John's Journal...

Stock Your Lake with the Best-Biting Bass, Crappie, Catfish and Bluegills

Day 4: Why Stock the Coppernose Bluegill in a Lake to Help Bass to Grow

Editor’s Note: The man-eating Tiger Bass, developed by American Sport Fish Scientists’ Don Keller and Barry Smith, has gained wide-acceptance for pond stocking throughout the Southeast and many-other states, because it’s aggressive, grows quickly and is fun for anglers to catch. But, a major component of the phenomenal growth rate of the man-eating Tiger Bass is its diet. In most ponds, his primary food source is the coppernose bluegill. We wanted to know why this particular variety of bluegill was selected to be stocked in the lakes where you find the man-eating Tiger Bass. So, we asked Barry Smith, one of the owners of American Sport Fish, why he and Don Keller chose this particular variety of bream to stock.

Click for Larger ViewClick for Larger ViewSmith: The first consideration was we had to find a variety of bluegill that would take pelleted food easily. We discovered that the coppernose bluegill will feed-heavily on pelleted food, gorging themselves and putting-on weight quickly, especially, if there’s an automatic fish feeder on the pond or lake that goes-off two or three times a day. Because the Tiger Bass grows so quickly, we have to have a continuous supply of bluegills that are all different sizes, from bluegill fry, for the little bass to eat, all the way up to mature bream, for the bigger bass to eat. We feel that the coppernose bluegill fits that niche better than any of the other variety of bluegills that we’ve studied. Another reason that we’ve chosen the coppernose is because its a pretty fish with a copper band across its nose.

Question: How fast does a coppernose bluegill grow?

Smith: These bream can weigh as much as 1/2- pound the first year, if the pond has an automatic feeder. We’ve seen coppernose bluegills that weigh as much as 1 pound at 26 months, and some that will weigh 18 to 20 ounces in that same 26 months. The coppernose is fun to catch and delicious to eat. Some days you just may want to catch a mess of fish or take some children out and let them catch a bunch of fish, and because the coppernose is very-aggressive, it’s perfect for a fishing trip.

Click for Larger ViewClick for Larger ViewQuestion: Barry, how much time is required for these coppernose bluegills to weigh 2 pounds?

Smith: Every serious bream fisherman wants to catch a bream that weighs 2 pounds or more. However, most bream fishermen fail to realize that the 2-pound bream is the Boone and Crockett of bream fishing. There older-age class bream have survived for a long time and are the exception rather than the rule. When an angler catches a bream that weighs 20 to 24 ounces, they’ll almost swear that that’s a 2-pound bream. But, big bream are notorious for shrinking when they’re laid on the scales. Yes, you can catch a 2-pound bluegill, and quite a few people have caught them, but seldom. We like to stock the coppernose bluegill, because we know it helps to produce trophy-size Tiger Bass. We also know that it’s easy and fun to catch, reaches a respectable size, quickly, and provides a lot of recreation, enjoyment and food for our pond owners. The coppernose bluegill meets all the management objectives that our pond owners want for their bluegills. To learn more about Tiger Bass, go to or call 334-281-7703.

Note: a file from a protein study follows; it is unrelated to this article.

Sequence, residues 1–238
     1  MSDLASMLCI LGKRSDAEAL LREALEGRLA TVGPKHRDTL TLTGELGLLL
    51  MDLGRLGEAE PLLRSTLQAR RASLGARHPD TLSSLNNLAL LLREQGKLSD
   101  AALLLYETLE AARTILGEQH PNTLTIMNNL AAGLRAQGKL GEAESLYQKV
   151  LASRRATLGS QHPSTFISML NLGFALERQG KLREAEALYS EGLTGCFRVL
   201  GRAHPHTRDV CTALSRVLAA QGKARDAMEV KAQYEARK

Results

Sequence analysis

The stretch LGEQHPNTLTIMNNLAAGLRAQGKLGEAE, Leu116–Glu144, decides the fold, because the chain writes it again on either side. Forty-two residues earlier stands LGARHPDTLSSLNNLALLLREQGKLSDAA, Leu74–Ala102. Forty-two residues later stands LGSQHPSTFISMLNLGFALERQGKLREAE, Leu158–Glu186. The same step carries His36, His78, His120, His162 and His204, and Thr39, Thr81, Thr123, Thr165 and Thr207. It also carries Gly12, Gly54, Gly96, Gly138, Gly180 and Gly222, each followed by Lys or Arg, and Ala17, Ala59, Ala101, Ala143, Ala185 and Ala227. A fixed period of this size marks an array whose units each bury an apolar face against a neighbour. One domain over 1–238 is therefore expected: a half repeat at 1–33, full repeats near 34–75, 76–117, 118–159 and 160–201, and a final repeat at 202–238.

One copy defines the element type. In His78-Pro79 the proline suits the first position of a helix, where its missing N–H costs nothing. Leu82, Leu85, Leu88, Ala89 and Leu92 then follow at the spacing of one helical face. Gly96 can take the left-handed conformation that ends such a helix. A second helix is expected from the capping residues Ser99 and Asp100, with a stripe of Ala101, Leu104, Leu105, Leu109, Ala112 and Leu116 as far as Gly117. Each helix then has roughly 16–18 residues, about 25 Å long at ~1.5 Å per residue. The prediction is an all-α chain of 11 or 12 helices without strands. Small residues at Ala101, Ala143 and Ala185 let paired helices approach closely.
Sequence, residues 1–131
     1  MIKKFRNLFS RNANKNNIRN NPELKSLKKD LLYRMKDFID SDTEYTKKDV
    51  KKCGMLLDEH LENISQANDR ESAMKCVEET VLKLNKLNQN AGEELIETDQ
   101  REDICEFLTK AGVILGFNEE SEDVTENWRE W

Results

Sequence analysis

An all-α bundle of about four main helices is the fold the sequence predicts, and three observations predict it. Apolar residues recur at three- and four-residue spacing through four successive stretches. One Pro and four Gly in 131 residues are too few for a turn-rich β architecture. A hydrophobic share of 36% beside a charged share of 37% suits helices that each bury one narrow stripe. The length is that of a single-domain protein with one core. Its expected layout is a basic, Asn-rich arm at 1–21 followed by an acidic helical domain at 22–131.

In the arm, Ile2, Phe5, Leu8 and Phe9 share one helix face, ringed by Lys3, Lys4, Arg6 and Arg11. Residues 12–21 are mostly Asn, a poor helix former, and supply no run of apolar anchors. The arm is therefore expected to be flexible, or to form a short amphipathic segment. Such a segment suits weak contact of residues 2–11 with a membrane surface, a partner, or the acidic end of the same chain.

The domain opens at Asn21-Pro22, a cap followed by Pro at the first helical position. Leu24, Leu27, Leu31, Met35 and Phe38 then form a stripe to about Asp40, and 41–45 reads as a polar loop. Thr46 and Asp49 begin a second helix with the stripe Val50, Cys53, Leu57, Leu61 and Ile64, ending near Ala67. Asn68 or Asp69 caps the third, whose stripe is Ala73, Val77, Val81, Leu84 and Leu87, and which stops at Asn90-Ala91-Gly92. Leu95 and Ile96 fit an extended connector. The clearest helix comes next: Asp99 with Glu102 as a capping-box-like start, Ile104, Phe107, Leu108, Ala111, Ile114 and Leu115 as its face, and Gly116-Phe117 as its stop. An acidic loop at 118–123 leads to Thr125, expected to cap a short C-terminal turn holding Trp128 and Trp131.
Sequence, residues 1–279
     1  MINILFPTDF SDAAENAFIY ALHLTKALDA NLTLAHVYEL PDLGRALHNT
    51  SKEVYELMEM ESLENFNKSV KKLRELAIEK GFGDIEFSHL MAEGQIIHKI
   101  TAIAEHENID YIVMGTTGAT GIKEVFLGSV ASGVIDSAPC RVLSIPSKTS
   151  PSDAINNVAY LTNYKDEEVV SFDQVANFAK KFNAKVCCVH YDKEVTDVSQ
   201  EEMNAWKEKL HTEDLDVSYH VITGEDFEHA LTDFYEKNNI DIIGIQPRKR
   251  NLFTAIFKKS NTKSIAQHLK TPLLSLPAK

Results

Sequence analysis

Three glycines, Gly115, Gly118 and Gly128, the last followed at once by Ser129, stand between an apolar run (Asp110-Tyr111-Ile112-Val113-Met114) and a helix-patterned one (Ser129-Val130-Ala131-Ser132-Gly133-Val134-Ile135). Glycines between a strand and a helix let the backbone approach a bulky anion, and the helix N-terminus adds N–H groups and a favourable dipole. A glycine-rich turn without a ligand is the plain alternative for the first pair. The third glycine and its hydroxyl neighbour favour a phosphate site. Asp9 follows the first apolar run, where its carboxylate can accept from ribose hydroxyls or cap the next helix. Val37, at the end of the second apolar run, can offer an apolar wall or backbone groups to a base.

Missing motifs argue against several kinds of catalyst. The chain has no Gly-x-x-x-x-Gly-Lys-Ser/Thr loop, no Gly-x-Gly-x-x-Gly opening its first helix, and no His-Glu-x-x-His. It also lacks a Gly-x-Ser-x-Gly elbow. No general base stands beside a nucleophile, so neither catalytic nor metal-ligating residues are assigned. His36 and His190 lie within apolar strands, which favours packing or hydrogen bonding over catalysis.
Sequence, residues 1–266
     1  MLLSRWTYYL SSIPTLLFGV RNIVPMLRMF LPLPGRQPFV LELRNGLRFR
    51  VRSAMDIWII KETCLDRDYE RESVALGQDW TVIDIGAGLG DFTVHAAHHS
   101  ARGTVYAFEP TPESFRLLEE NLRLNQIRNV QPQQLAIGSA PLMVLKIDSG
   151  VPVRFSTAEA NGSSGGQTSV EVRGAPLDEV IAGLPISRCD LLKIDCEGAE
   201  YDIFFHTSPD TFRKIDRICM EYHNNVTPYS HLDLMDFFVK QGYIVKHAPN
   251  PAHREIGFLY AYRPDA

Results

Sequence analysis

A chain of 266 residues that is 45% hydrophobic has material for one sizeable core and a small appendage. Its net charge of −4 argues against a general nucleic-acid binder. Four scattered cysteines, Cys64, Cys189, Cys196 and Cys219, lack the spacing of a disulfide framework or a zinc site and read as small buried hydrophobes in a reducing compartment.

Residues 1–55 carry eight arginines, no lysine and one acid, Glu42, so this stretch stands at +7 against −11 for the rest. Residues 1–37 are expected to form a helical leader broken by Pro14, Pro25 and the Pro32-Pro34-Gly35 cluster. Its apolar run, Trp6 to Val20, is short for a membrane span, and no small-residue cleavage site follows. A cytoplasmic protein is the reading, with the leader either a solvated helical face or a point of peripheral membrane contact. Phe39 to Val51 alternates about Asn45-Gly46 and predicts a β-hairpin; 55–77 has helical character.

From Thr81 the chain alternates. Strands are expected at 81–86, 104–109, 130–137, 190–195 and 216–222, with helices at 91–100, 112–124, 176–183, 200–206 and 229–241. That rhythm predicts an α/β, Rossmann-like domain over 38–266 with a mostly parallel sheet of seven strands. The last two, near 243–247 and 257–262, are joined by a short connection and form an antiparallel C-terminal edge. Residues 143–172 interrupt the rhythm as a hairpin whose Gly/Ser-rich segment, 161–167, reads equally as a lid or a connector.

How to Bass Fish Like a ProTo learn more about how to catch every species of bass, get the new Kindle eBook, “How to Bass Fish Like a Pro” by John E. Phillips. click here. Or, you can go to and type-in the name of the book to find it. You can also download a free Kindle app that enables you to read the book on your iPad, computer or SmartPhone.

Tomorrow: American Sport Fish Explains What to Consider Before Stocking Crappie and Catfish in Your Pond

Check back each day this week for more about "Stock Your Lake with the Best-Biting Bass, Crappie, Catfish and Bluegills"

Day 1: Man-Eating Tiger Bass Created by Don Keller and Barry Smith
Day 2: How to Grow Man-Eating Tiger Bass Faster with Perfect Pond Plus Fertilizer
Day 3: Fertilize the Man-Eaters
Day 4: Why Stock the Coppernose Bluegill in a Lake to Help Bass to Grow
Day 5: American Sport Fish Explains What to Consider Before Stocking Crappie and Catfish in Your Pond

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Entry 670, Day 4